Stephen A Smith: Abuse Victims Should Learn 'About The Elements Of Provocation'

On Thursday, the NFL punished Baltimore Ravens running back Ray Rice with a two-game suspension after the player allegedly knocked out his fiancée during an altercation in February.

While many around the league have been highly critical both of Rice's conduct and of what's been perceived as a lenient punishment, ESPN panelist Stephen A. Smith sought to temper that criticism during a "First Take" segment on Friday.

In a long-winded statement, Smith acknowledged a man has "no business putting [his] hands on a woman," then slowly worked toward the conclusion that women should also do their part not to give men a reason to beat them.

"We know [abusing women is] wrong," Smith concedes, though toward the end of his monologue he casts doubt on who, exactly, is to blame for said abuse, given "the elements of provocation."

Michelle Beadle, a female ESPN host, tweeted a response to Smith's statement, alluding to the rationale of a rapist who believes the victim asked for it by wearing provocative clothing:

In February, after TMZ obtained security camera footage of Rice dragging his unconscious fiancée out of an elevator, Smith, while critical, ultimately defended the player at the time. "It's important to recognize and reiterate [that] we do not know what happened ... inside that elevator," said Smith, concluding, "There is absolutely nothing ... that has ever brought [Rice's] integrity into question until now. ... He deserves the benefit of the doubt."

UPDATE: 2:30 p.m. -- Smith responded to the storm of controversy with a series of tweets Friday, seeking to clarify his original comments:

UPDATE: 4:40 p.m. -- Smith has released a longer, more succinct statement, in which he strongly condemns domestic abuse and apologizes for any confusion stemming from his earlier comments:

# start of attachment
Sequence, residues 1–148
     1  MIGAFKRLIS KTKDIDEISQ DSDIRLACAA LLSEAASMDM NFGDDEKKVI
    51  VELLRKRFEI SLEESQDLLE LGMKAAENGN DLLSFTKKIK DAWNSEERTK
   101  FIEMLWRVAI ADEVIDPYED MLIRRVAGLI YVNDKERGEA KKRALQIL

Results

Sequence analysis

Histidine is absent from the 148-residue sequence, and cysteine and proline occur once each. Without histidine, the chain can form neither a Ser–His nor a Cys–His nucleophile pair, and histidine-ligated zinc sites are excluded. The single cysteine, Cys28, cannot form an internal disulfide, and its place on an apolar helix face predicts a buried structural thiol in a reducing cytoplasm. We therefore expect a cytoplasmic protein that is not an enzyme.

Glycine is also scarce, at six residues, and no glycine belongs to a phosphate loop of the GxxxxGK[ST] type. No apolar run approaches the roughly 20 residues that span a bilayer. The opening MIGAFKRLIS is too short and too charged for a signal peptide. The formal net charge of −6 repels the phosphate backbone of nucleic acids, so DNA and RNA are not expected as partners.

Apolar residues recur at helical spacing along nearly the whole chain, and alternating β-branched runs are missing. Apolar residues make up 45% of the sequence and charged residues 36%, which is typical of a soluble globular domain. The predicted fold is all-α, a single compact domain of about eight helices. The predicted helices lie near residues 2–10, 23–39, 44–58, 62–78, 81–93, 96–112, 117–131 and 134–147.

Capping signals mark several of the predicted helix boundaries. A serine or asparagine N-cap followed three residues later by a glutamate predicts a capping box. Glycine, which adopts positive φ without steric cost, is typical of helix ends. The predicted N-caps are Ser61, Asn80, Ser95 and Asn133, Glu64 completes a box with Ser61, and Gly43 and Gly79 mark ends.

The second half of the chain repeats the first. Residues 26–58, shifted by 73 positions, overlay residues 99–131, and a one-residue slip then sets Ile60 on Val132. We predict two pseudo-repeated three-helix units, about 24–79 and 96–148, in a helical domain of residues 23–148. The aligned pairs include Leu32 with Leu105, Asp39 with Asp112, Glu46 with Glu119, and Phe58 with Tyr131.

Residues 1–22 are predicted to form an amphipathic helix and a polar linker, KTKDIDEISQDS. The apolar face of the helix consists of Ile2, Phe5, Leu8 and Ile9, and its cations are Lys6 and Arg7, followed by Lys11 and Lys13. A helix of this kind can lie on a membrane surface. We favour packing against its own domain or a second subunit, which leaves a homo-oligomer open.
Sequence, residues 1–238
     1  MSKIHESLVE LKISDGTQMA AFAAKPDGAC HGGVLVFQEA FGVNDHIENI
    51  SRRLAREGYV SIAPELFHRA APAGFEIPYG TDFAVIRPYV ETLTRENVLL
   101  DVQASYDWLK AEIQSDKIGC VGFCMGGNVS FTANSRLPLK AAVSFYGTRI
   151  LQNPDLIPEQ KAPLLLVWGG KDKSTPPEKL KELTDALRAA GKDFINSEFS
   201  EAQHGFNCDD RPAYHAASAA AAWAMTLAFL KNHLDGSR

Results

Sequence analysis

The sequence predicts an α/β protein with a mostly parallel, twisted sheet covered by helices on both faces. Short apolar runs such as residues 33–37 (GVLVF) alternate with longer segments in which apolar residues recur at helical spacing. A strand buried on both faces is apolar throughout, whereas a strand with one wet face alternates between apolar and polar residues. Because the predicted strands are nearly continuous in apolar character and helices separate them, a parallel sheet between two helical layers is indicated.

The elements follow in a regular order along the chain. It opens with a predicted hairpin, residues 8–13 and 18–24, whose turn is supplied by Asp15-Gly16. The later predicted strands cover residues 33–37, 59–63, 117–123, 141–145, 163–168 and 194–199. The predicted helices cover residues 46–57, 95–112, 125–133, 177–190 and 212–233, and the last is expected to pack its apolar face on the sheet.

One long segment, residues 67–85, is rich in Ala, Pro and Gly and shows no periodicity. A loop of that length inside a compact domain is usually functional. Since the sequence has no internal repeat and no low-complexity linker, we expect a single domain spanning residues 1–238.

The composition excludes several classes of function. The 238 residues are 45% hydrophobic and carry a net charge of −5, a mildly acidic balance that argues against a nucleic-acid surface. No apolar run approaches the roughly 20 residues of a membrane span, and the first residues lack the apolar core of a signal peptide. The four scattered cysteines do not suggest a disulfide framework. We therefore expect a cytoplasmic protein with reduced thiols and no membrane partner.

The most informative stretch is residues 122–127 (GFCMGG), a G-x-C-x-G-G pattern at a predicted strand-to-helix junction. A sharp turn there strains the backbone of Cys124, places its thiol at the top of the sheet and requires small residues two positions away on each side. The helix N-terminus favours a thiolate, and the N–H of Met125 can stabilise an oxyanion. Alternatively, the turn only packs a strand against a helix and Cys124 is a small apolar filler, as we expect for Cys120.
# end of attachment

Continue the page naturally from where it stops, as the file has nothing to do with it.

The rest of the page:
My series of tweets a short time ago is not an adequate way to capture my thoughts so I am using a single tweet via Twitlonger to more appropriately and effectively clarify my remarks from earlier today about the Ray Rice situation. I completely recognize the sensitivity of the issues and the confusion and disgust that my comments caused. First off, as I said earlier and I want to reiterate strongly, it is never OK to put your hands on a women. Ever. I understand why that important point was lost in my other comments, which did not come out as I intended. I want to state very clearly. I do NOT believe a woman provokes the horrible domestic abuses that are sadly such a major problem in our society. I wasn’t trying to say that or even imply it when I was discussing my own personal upbringing and the important role the women in my family have played in my life. I understand why my comments could be taken another way. I should have done a better job articulating my thoughts and I sincerely apologize.

WATCH Stephen A. Smith's monologue, above.